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5 positive ways the property market may change

Posted by: James Challis on 29 Aug 2018

 

It will become cheaper to rent

Next year will see the Government ban fees charged to tenants, which represents an average saving of around £200, although this sum is thought to be much higher depending on the location of the property. As well as a ban on administration charges, deposit-free renting is set to go mainstream. This initiative, backed by the Government’s Rent Recognition Challenge, will allow tenants to pay an insurance premium of typically £100 instead of a cash deposit, which now costs an average of £1,041 (typically £1,750 in London)*.

Mortgages rates will remain low

The cost of lending to buy a property is expected to remain low for some time. Although another interest rate rise has been muted for some time, the Bank of England is largely adopting a ‘wait and see’ policy, with real-life not following its predictions. More importantly, some banks are still behind on their lending targets and are creating a ‘race to the bottom’ as a result. Low rates are being offered to entice borrowers as there is stiff competition to win business.

Proptech will make moving easier

Proptech – that’s technology specifically developed for the property industry – will have a huge impact on the way people buy, sell, rent and invest in property. From artificial intelligence to apps, it should become quicker and easier to find the perfect property and move in. As well as making life easier for the public –quicker searches, more relevant marketing and digital conveyancing – proptech will revolutionise what goes on in estate agency branches across the UK, improving efficiencies, bettering customer service and bringing the industry in line with other service sectors.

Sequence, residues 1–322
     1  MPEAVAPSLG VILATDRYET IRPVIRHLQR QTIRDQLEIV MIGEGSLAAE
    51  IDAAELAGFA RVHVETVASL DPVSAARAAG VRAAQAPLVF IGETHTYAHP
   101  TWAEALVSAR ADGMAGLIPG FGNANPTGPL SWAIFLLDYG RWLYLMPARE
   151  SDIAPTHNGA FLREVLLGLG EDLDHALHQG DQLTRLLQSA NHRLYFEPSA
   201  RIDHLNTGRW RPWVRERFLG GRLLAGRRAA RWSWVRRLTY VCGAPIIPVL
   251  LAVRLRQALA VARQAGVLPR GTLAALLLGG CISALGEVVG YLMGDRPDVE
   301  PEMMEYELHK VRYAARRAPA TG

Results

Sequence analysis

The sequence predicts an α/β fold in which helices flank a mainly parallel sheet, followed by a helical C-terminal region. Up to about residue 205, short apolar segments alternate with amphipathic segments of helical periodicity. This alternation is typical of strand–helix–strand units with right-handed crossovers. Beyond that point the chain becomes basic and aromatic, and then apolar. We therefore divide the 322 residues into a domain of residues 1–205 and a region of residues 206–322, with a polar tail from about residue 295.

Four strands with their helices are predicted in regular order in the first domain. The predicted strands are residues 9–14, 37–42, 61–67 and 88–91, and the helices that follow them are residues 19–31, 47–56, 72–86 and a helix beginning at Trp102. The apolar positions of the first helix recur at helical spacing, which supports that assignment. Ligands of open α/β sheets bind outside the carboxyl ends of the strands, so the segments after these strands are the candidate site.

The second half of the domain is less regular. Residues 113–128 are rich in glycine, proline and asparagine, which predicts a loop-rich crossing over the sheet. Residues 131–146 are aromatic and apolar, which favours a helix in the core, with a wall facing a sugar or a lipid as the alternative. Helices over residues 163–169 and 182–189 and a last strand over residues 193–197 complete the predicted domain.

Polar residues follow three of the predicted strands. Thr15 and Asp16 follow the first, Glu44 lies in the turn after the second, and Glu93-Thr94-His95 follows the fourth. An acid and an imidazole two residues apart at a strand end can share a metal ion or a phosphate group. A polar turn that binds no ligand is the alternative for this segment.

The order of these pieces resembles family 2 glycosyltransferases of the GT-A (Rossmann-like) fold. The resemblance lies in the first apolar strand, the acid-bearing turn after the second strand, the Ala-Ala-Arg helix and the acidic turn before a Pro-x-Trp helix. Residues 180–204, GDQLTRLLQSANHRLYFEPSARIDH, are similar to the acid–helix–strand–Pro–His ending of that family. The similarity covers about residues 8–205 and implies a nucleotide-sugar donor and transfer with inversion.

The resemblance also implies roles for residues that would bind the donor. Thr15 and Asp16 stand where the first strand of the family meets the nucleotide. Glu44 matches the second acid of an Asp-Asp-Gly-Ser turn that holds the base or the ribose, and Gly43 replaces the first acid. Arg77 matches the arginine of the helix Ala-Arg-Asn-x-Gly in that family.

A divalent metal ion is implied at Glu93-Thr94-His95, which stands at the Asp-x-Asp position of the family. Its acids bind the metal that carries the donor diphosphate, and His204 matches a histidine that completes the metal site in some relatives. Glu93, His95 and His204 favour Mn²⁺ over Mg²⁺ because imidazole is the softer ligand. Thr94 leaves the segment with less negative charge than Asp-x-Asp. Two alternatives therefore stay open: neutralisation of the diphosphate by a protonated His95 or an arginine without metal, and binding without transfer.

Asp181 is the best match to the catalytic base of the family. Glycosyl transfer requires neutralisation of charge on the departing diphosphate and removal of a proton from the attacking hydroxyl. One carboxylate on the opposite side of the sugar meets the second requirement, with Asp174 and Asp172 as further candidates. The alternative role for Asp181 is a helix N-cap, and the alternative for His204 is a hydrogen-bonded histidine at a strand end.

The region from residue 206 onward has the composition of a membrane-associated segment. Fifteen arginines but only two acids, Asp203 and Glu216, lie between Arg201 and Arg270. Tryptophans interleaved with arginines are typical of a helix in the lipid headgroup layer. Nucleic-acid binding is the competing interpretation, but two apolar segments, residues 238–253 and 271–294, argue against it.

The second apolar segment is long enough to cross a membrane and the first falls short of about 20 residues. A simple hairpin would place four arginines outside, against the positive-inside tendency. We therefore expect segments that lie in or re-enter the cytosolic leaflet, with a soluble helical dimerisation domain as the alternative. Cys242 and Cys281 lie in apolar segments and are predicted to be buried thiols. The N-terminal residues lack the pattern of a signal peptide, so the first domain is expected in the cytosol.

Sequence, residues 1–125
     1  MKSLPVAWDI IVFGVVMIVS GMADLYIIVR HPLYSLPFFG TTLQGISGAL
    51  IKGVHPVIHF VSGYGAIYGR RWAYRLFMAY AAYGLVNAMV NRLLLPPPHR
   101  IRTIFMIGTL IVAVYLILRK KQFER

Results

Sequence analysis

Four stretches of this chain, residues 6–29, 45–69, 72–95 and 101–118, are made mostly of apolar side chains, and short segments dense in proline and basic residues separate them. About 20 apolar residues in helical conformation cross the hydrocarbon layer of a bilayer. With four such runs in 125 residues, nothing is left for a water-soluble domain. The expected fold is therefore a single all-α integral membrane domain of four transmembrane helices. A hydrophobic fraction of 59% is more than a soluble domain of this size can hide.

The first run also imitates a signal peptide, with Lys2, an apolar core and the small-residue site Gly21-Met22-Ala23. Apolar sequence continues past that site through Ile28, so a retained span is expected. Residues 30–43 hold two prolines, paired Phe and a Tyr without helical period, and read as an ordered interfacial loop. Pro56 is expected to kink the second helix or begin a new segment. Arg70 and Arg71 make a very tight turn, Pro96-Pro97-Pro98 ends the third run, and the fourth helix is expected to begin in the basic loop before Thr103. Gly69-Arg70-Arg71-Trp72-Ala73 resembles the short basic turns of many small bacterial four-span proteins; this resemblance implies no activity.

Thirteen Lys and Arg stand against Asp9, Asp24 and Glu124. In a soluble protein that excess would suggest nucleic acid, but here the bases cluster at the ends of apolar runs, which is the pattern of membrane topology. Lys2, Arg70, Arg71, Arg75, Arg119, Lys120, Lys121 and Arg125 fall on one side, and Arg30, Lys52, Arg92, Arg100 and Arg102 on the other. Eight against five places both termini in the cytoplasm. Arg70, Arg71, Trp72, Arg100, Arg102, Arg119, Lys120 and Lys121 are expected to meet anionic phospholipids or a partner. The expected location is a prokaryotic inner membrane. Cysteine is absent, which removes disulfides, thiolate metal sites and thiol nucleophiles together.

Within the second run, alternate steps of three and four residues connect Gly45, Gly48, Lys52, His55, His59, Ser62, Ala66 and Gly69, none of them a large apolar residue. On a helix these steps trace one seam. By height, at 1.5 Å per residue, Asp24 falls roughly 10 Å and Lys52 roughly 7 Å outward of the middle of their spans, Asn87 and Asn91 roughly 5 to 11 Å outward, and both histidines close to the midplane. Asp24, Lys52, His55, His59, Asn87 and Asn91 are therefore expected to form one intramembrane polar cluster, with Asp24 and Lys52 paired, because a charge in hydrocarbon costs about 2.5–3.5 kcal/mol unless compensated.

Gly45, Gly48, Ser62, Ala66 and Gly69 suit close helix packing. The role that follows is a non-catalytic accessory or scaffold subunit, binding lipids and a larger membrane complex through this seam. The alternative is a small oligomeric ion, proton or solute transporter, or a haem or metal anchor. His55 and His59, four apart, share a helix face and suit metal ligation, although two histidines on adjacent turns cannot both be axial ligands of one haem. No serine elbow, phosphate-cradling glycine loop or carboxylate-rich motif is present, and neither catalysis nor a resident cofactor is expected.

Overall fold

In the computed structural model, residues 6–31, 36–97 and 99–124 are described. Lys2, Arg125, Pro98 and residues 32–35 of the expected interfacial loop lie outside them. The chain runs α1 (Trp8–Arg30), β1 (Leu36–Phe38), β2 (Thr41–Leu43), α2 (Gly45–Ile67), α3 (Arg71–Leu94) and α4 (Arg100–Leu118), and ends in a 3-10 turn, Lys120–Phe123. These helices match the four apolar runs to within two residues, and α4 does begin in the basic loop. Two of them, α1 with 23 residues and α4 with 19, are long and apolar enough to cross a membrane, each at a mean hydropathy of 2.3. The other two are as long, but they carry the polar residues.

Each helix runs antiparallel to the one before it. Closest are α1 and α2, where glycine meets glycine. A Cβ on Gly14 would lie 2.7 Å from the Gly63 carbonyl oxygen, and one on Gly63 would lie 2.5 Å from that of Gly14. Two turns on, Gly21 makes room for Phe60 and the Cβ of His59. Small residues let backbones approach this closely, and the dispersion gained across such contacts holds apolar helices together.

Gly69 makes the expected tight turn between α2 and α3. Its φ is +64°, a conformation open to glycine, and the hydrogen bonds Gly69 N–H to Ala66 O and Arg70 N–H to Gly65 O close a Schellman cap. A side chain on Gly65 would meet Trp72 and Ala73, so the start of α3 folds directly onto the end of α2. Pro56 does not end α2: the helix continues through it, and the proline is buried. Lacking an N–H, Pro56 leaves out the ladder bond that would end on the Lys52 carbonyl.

The leasehold system will become fairer

The Government has outlined changes to ground rents and leaseholds, designed to make the system fairer for tenants and landlords who may be subject to onerous ground rent rises and lease difficulties. Although there is no firm date for the introduction, it is expected there will be:-

- A ban on selling almost all brand new homes as leasehold, especially houses

- A guarantee that ground rents on new long leases – for both houses and flats – are set to zero

- A system that makes it cheaper and easier for existing leaseholders to buy out their freehold

- The prohibition of clauses that allow ground rents to increase heavily, without challenge, such as doubling every 10 years

- The provision of clear support to leaseholders – especially those who bought a brand new property - on the various routes to redress available to them

- Giving leaseholders equivalent rights to freeholders to challenge unfair service charges

Renting will go greener

The lettings market is counting down to April 2020, when it will become illegal to let any property with an EPC of F or G. The first phase of MEES (Minimum Energy Efficiency Standards) was rolled out in 2018, when all new-to-market and renewing tenancies had to possess an EPC certificate of E or above. Now there are less than two years before every let property must conform to set energy standards, which should result in cheaper utility bills for tenants.

*Tenancy Deposit Scheme

 

 

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